Abstract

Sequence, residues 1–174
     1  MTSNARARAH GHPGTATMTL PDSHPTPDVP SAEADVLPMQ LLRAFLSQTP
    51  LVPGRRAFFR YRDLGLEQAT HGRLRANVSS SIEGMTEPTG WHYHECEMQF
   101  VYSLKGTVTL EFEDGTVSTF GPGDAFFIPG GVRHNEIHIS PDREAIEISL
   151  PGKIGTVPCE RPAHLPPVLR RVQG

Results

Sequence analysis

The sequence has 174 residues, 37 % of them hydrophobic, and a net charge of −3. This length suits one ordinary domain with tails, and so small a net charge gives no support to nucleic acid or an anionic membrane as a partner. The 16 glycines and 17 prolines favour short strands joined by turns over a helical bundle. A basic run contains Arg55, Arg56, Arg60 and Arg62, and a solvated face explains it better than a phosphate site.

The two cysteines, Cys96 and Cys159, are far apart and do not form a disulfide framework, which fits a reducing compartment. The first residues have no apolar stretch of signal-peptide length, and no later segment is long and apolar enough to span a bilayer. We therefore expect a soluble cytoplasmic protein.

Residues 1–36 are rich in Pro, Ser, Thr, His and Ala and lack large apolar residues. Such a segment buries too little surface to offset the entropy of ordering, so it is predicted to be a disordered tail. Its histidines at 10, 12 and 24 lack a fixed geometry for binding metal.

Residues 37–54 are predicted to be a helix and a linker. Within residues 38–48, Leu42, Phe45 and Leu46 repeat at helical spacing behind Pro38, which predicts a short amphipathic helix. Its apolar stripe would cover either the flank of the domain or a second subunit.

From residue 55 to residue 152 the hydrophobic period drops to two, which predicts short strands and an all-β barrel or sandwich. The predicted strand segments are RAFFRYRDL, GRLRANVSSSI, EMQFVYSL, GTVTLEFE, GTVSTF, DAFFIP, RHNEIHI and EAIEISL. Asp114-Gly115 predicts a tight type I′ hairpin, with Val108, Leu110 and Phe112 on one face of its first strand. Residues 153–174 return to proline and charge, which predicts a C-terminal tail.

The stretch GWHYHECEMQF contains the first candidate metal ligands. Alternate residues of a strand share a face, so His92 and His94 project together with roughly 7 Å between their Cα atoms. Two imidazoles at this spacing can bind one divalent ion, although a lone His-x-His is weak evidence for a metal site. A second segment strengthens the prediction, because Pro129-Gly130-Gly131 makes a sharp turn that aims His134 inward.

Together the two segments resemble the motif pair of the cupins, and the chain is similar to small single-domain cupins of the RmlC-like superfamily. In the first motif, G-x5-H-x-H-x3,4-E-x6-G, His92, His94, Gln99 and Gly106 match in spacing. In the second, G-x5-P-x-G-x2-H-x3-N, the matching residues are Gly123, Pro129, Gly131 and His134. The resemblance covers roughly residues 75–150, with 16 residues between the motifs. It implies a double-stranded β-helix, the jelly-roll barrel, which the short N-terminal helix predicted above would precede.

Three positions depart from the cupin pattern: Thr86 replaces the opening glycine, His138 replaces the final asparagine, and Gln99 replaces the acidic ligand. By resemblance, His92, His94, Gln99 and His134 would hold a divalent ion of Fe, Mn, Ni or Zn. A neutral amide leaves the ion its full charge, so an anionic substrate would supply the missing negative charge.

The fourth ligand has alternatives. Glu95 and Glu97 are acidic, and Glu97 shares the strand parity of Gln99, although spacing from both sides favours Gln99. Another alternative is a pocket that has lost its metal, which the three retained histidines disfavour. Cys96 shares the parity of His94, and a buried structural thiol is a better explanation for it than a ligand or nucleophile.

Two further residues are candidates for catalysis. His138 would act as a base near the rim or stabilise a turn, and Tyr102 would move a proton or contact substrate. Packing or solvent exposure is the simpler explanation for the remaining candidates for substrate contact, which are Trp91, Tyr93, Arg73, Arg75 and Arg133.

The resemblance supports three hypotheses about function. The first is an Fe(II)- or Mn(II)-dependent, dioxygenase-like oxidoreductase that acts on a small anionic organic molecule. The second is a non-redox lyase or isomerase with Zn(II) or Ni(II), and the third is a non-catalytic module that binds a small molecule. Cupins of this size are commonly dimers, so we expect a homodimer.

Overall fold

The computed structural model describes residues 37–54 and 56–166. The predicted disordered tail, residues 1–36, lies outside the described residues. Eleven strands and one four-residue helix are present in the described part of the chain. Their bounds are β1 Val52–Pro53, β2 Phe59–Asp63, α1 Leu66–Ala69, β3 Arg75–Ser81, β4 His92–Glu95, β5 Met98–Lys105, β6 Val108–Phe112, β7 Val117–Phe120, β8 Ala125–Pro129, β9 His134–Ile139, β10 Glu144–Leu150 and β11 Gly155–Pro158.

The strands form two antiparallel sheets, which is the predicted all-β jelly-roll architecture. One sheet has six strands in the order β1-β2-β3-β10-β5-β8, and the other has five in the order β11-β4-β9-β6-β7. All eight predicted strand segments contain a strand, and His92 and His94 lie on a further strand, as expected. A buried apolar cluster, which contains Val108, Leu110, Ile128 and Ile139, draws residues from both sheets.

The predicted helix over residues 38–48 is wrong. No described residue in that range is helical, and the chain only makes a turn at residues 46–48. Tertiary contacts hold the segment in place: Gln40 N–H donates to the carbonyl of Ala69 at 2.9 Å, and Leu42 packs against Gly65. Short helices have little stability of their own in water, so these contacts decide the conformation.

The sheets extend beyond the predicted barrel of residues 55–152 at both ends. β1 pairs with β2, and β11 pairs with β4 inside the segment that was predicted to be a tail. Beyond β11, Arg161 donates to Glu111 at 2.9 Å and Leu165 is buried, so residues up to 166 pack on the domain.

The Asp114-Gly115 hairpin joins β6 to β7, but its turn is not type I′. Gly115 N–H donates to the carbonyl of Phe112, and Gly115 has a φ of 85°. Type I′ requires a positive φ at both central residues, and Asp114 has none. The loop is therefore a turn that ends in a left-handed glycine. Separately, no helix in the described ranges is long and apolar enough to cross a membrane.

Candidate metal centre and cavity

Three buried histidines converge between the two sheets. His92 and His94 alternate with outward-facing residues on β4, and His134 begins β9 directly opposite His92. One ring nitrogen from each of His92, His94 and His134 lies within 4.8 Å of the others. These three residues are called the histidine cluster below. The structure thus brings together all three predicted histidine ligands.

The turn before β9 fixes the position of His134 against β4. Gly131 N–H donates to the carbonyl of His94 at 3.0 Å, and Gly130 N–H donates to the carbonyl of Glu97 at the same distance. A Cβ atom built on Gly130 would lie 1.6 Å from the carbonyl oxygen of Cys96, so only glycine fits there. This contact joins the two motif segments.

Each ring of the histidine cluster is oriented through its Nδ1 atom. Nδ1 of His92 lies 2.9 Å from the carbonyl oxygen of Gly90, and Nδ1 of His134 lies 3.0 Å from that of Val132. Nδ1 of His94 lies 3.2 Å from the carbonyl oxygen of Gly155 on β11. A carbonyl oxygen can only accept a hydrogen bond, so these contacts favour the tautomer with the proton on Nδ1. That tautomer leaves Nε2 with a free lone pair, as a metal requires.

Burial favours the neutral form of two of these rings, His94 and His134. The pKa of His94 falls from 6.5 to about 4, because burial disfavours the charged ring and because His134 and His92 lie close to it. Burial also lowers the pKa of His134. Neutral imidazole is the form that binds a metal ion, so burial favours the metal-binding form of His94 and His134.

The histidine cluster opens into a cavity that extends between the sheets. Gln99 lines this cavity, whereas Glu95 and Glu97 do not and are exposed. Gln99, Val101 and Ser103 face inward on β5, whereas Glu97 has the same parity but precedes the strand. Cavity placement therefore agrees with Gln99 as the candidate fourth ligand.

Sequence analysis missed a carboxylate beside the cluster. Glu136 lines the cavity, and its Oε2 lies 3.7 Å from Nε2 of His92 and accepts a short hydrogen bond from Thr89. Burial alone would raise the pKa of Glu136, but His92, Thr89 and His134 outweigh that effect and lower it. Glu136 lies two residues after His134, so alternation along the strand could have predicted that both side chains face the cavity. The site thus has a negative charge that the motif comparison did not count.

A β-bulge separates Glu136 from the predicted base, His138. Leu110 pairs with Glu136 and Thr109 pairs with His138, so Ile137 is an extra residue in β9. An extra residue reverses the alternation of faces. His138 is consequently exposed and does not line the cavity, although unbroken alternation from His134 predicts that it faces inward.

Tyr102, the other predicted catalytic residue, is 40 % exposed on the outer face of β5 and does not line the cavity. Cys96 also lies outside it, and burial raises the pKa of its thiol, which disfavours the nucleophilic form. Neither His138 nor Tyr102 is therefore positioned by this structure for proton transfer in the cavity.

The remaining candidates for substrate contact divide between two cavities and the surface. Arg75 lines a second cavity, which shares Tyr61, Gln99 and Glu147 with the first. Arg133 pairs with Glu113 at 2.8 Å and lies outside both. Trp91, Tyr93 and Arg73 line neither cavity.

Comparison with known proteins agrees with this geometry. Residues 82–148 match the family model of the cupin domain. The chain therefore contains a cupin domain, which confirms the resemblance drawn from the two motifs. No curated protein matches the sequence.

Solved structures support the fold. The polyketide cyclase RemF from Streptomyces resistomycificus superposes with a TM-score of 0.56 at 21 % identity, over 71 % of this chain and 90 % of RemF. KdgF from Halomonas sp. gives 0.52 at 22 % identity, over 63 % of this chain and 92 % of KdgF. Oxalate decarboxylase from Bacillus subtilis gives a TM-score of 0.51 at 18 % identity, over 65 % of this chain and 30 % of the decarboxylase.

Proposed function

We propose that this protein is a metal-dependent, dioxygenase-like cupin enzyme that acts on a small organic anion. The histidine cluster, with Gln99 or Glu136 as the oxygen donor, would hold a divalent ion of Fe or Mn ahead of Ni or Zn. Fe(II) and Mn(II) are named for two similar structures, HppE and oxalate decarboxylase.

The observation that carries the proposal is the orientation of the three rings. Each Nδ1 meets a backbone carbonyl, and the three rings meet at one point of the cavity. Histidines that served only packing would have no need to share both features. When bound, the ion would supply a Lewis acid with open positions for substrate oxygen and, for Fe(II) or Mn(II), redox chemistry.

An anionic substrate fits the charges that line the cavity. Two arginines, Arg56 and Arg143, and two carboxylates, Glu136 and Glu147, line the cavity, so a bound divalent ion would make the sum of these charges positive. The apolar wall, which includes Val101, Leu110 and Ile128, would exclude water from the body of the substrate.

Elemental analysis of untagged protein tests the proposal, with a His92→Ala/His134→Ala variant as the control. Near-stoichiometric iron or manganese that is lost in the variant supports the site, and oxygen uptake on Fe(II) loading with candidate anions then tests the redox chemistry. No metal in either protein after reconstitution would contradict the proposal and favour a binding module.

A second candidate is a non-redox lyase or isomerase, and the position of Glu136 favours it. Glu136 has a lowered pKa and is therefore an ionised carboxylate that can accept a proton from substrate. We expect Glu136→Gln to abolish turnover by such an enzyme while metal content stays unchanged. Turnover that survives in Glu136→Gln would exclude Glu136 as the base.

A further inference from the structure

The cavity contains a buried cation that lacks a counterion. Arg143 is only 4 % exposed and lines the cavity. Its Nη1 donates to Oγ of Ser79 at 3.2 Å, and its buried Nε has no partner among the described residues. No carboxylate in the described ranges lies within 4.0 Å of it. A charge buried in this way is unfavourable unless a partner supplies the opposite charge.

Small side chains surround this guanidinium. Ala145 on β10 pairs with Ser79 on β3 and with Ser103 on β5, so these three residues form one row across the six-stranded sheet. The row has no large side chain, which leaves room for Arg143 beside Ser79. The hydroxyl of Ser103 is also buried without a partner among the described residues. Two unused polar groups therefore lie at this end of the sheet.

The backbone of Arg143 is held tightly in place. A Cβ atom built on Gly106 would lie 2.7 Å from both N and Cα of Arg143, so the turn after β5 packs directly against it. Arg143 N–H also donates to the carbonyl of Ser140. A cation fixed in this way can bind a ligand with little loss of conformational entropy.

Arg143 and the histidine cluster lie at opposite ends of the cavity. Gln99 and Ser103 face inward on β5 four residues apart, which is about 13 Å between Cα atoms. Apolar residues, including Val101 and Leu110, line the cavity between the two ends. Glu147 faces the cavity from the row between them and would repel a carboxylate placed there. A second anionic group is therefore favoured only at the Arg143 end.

We explore the relative importance of eustatic versus tectonic factors in sculpting, preserving, and modifying coastal landforms. The study area is a 30-km coastal reach in southern Oregon. Using degree of soil development as a means of correlating wave-cut platforms along the coast, we document that surface uplift rate is variable in a shore-parallel sense, variability being a function of differential vertical displacement of crustal blocks along faults and flexures in the upper plate of the Cascadia subduction zone. A consequence of this variability is that in areas of moderate uplift rate (0.7-0.9 m/k.y.), flights of up to seven emergent wave-cut platforms are preserved along the interfluves of coastal drainages, whereas in areas of low uplift rate (0.05-0.2 m/k.y.), only one wave-cut platform commonly exists, within a few meters of present sea level. Preservation of shore platforms in both areas is the result of the inter-action of tectonic uplift and eustatic sea-level changes operating on a high-energy coast subject to platform planation. Platform reoccupation can be a consequence of late Pleistocene eustatic sea-level changes operating on low-up-lift-rate coasts. Particularly in the cases of the ∼200 ka and ∼125 ka high sea stands, reoccupation by the later highstand is probable when coastal uplift rates are about 0.2 m/k.y. The same eustatic history, operating on a higher-uplift-rate section of the coast, results in multiple emergent platforms and no instances of reoccupation. Coastal drainage basins in the size range of 5-10 km2 have different hypsometries, reflecting whether platforms in coastal basins are preserved over a range of altitudes or only near sea level. The hypsometric differences are thus a product of differences in uplift rate. The dominant mechanism of base-level fall varies between the two areas: coastal retreat during sea-level highstands drives baselevel fall in lower- uplift-rate basins, whereas tectonic uplift mainly drives base-level fall in moderate-uplift-rate basins, even though the magnitude of coastal retreat may be about the same in the two areas. Where coastal retreat largely provides the mechanism for base-level fall, steep coastal drainages discharge their debris onto coastal piedmonts ("benches"), and the resultant alluvial fans prograde over marine deposits. In southern Oregon, the alluvial fan-building episode was relatively short, about 2-20 k.y. in duration. Fan aggradation ceased as a consequence of fan entrenchment, most likely brought on by buildup and steepening of the fan over time.

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